But as well as his own Ampliphi, there are a number of other home-grown firms already immersed in the venture capital space.
These range from Lance Wiggs' Punakaiki fund, the Movac funds, and Icehouse to Stephen Tindall's K1W1, not forgetting the long-standing private equity firms Direct Capital and Pohutukawa.
Businessman and philanthropist Owen Glenn has just got in on the act too, announcing a $100 million fund to provide mezzanine-type funding for small to medium businesses that struggle to otherwise access capital.
David Kirk, co-founder of the ASX-listed Bailador, hasn't been paying attention to the bill's passage, even though Bailador's focus includes New Zealand and Auckland-based Straker Translations among its 10 investee companies.
Kirk doesn't agree there's any market failure in capital formation in New Zealand.
“There is a great deal of capital available for investment in technology companies in New Zealand and everywhere else," he says.
In fact, Bailador's hunting ground is companies that have already survived the angel stage and need funding of $2-10 million to grow, squarely within that supposed funding gap.
"Private sector money will undoubtedly flow to the technology sector if the returns are good enough. The government directly investing in technology companies is indicative of either failed microeconomic policies or populist politicking.”
Generally speaking, Kirk's not a fan of governments trying to pick winners either.
"There's virtually no record of any government in the world achieving commercial returns on direct investment in technology companies," he says.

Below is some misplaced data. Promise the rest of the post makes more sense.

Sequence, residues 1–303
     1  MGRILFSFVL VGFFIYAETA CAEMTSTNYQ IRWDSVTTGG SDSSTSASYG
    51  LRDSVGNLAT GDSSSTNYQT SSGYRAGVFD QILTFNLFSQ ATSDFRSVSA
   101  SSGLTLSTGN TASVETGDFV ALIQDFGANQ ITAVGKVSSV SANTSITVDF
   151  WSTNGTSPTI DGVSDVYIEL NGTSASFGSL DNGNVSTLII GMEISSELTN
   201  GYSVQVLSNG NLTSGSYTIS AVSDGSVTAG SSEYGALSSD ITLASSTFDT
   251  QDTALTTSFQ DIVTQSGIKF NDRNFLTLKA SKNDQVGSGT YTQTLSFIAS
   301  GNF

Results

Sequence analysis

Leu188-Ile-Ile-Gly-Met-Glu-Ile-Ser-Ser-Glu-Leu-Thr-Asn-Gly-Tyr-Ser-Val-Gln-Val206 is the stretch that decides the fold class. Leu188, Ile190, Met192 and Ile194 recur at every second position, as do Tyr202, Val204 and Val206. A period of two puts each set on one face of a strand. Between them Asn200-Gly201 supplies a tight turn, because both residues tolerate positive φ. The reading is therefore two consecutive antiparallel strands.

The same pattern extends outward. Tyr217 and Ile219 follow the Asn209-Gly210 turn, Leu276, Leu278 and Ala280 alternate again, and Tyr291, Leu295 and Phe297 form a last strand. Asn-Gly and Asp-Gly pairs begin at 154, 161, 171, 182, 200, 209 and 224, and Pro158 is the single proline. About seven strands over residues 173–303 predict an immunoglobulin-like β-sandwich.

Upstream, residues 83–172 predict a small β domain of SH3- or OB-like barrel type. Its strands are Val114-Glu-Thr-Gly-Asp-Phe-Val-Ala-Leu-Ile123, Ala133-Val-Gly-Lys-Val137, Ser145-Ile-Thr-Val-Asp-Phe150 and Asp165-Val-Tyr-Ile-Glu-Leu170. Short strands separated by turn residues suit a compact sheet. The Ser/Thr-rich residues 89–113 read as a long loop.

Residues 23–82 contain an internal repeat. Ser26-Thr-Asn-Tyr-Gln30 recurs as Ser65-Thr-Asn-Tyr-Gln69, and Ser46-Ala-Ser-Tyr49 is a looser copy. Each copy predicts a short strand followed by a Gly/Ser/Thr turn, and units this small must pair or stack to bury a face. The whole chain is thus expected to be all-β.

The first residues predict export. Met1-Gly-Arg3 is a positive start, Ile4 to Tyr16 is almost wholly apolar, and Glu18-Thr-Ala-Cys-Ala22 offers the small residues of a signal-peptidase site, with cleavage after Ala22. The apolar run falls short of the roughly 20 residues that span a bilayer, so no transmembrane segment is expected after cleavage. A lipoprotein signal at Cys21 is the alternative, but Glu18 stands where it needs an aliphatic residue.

"The government’s role is to establish the microeconomic conditions, meaning education, labour market, and immigration policies that support technology companies' (and other companies) success, and to establish the private sector savings conditions, principally tax and retirement savings policies, that improve the availability of capital for investment," Kirk argues.
One pointer to whether the government should be establishing a new fund is the performance of NZVIF itself.
Current chief executive Richard Dellabarca told the finance and expenditure committee early this month that his organisation's investments have returned less than $1 for every $1 invested.
He argues that reflects a number of factors, including the impact of the 2008 global financial crisis, that NZVIF was designed to develop the market, not to make money, and its inability to invest beyond the angel stage.
NZVIF's balance sheet at June 30, 2018 shows the government contribution had been $172.2 million since inception and that it had accumulated an $8.5 million deficit.
Movac founder Phil McCaw commented in May 2017 that NZVIF has "had some successes and had some misses."
A very public miss was American entrepreneur Peter Thiel waltzing away in 2017 with profits in the tens of millions while NZVIF barely broke even from their partnership.
Banga is blunt about this: "We got burnt."
But McCaw says that his company's involvement with NZVIF as its funder since 2011 "has been critical to the growth and maturing of Movac as a professional firm able to attract private and institutional capital.
"The VIF programme has had its flaws in design and flexibility, but aspects of it have worked, at least for us."